• @DanielC Since it is defined on the set of smooth compactly supported functions it is symmetric, next as it commutes with the complex conjugation it certainly admits self-adjoint extensions... – Valter Moretti Nov 16 '17 at 12:13
• Ok, since $V \in L^\infty(\mathbb R)$ it is also essentially self-adjoint (for known results, see e.g. R&S textbook)... – Valter Moretti Nov 16 '17 at 12:31
• It is self-adjoint on the sself-adjointness domain of $\frac{d^2}{dx^2}$ because $V$ is bounded and self-adjoint. – Valter Moretti Nov 16 '17 at 13:10

Actually the physical interpretation is that these potentials induce delocalization of the wavefunction, which is the basis for chemical binding. Potentials between electron-donor and electron-acceptor atoms are shaped in the way the potential shown by Valter is. The delocalization also implies that electron repulsion is averaged/masked inside the molecule, and only evident far from it

https://en.wikipedia.org/wiki/Resonance_(chemistry)#Charge_delocalization

Charge delocalization in anions is an important factor determining their reactivity (generally: the higher the extent of delocalization the lower the reactivity) and, specifically, the acid strength of their conjugate acids. As a general rule, the better delocalized is the charge in an anion the stronger is its conjugate acid. For example, the negative charge in perchlorate anion (ClO− 4) is evenly distributed among the symmetrically oriented oxygen atoms (and a part of it is also kept by the central chlorine atom). This excellent charge delocalization combined with the high number of oxygen atoms (four) and high electronegativity of the central chlorine atom leads to perchloric acid being one of the strongest known acids with a pKa value of −10. The extent of charge delocalization in an anion can be quantitatively expressed via the WAPS (weighted average positive sigma) parameter parameter and an analogous WANS (weighted average negative sigma) parameter is used for cation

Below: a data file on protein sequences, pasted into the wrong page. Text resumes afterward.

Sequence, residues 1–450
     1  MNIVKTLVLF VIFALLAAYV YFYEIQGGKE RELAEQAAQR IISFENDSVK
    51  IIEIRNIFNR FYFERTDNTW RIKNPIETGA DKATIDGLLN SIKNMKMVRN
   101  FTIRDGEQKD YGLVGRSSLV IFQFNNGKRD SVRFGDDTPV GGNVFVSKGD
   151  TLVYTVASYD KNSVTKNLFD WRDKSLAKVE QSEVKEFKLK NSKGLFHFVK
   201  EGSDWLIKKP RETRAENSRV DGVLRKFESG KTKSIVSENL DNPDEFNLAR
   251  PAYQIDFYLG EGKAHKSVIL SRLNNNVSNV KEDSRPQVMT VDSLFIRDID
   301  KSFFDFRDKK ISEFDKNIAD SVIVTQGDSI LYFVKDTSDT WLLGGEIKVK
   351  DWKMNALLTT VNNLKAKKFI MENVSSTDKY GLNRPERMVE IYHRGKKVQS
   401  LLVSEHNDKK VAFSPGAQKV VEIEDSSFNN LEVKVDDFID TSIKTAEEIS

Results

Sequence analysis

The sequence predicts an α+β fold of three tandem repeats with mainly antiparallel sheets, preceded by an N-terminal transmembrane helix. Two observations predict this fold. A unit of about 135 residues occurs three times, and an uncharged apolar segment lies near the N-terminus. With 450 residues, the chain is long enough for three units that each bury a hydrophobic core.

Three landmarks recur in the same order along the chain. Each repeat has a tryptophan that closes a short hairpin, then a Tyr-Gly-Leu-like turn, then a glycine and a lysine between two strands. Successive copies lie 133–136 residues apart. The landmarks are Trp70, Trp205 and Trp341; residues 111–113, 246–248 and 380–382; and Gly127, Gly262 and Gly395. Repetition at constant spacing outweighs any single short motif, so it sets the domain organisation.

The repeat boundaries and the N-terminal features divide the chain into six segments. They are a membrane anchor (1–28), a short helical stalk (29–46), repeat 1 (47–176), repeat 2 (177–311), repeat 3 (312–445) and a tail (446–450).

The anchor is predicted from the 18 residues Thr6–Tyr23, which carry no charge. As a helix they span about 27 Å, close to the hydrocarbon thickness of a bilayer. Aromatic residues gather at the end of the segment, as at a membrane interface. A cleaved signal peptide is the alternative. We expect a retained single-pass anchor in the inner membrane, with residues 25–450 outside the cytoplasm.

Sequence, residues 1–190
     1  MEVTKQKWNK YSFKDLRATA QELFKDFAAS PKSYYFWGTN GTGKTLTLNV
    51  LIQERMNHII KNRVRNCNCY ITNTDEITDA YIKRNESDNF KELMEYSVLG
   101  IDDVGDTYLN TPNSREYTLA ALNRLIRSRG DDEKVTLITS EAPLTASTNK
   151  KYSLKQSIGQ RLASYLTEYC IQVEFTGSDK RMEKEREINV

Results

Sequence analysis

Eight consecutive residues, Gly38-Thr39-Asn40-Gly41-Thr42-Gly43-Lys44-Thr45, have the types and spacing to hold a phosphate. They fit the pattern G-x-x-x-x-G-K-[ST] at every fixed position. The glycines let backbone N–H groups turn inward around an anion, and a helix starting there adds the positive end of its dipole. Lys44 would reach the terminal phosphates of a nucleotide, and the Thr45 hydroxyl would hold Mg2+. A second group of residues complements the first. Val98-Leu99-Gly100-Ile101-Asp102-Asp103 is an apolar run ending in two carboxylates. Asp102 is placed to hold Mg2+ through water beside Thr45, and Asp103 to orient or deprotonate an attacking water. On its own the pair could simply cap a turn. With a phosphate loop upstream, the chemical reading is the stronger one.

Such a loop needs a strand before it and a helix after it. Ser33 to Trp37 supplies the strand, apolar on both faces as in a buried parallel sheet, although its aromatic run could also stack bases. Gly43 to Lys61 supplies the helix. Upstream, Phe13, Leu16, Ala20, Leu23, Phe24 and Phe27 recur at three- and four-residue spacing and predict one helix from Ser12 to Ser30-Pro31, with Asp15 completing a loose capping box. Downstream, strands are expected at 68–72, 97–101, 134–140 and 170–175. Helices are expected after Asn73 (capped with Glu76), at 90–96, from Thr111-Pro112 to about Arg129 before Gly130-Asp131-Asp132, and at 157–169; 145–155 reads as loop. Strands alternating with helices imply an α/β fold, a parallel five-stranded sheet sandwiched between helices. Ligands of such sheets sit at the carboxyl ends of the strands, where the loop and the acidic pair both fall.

• Interesting. Any related references I could take a look? – Mauricio Dec 11 '17 at 15:49
• Updated answer with a reference – lurscher Dec 11 '17 at 17:51

There are already good answers, but I'd like to add that there's absolutely nothing weird or wrong about an expectation value being undefined.

As a classical example, consider the St. Petersburg paradox. A dollar is put in a pot, and a coin is flipped. If the coin comes up heads, you win the pot; if it comes up tails, the pot doubles and you flip again. Then the expected amount of money you make is $$\frac12 (1) + \frac14 (2) + \frac18 (4) + \ldots = \frac12 + \frac12 + \frac12 + \ldots = \infty.$$ What does this mean? Does it mean the game doesn't exist, or that if you play it, you end up with an undefined amount of money? No; we can play the game right now and you'll probably end up with a few dollars.

What undefined expectation values mean in practice is this: suppose you play the game many times and average the results. You'll get some number, and if the expectation value is finite, then your average will converge to it as you play more and more. On the other hand if the expectation value is not finite, your average will grow without bound, as it gets pulled further up by increasingly rare jackpots.

The exact same principle is at work in your situation. There's nothing wrong with measuring the position of such a particle and you'll likely get a reasonable result. The heavy tail will only become visible if you measure many times and average the results. It's okay for $\langle x \rangle$ to be undefined; in particular there's absolutely no reason to think that the quantum particle is 'really' at $\langle x \rangle$, any more than you would 'really' get an infinite amount of money by playing the above game once.